Should we strive to become unconsciously competent in everything that we do? No. But we should strive to grow toward this in the things that are significant in out life. There is not time to develop every skill set of every human in a lifetime. Use the expertise of others. If your daughter were in need of surgery, would you grab the Internet and search for how to use a scalpel, how anesthesia is applied, knots, staples and sutures types, needs and use? Or would you throw her in the truck & head for the hospital?

Competence is in knowing where you excel and where you need help. Even those who excel will continue to educate, re-educate and research their fields with many hours in trade journals, many hours of practice, many hours of reviewing best procedures and coordinate their expertise with other experts, just like the surgeon will use services of an anesthesiologist, an operating room nurse, and sometimes another surgeon for your delicate procedure.

We, because of our society, understand the metaphor of a need for a surgeon, and even learning to drive a stick.  You may say, “But these save lives”.  “I’ll never have to do any surgery”. “But I’ll never drive anything but an automatic”. … Truth is, there are probably many areas of life where you can use the services of a life coach.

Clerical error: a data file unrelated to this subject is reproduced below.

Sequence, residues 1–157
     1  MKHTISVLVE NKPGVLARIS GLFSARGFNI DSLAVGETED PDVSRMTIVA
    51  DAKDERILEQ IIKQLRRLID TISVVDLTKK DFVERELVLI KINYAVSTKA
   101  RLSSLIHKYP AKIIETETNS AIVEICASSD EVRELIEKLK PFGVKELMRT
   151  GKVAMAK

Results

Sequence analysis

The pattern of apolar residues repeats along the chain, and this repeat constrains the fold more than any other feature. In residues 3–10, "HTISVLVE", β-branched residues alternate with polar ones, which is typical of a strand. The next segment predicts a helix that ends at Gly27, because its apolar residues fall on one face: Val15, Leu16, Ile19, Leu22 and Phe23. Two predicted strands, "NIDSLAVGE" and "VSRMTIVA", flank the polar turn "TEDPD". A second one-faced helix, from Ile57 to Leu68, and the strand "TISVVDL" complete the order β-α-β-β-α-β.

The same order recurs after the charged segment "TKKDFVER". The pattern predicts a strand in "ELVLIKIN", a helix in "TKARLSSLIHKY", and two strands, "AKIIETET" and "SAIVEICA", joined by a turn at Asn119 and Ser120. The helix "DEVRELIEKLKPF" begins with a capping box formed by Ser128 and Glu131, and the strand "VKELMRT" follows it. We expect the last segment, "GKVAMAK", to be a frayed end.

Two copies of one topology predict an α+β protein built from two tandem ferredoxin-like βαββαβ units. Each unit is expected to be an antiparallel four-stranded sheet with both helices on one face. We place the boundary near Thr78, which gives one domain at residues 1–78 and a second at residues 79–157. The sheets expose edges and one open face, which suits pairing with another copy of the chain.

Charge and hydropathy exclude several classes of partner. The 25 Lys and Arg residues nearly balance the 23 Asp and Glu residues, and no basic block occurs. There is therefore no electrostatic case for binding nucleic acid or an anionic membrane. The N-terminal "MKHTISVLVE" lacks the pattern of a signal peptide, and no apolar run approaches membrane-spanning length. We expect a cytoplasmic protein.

DO you ever wish you had what it took to go forward with a dream? You can. Do you wish you had a personal coach, who understood you, with which to bounce ideas, problems, goals, and how to best accomplish all of them? You can. Do you wish your business could hire a consultation partner who would do due diligence to understand your operation, your culture, your needs, to assist you to, to enable you to become the best leadership, best sales, best marketing, best service, best operations team? You can. Others do! Give yourself the competitive advantage your competition already has. Or, grow so far ahead of their capabilities that you conquer a market.

Remember that time and money need not be excuses. Lack of resources need not be an excuse. Enable your best. If you have courage enough to try, try, try, you will succeed.

ChuckyT 864-341-4775 Cell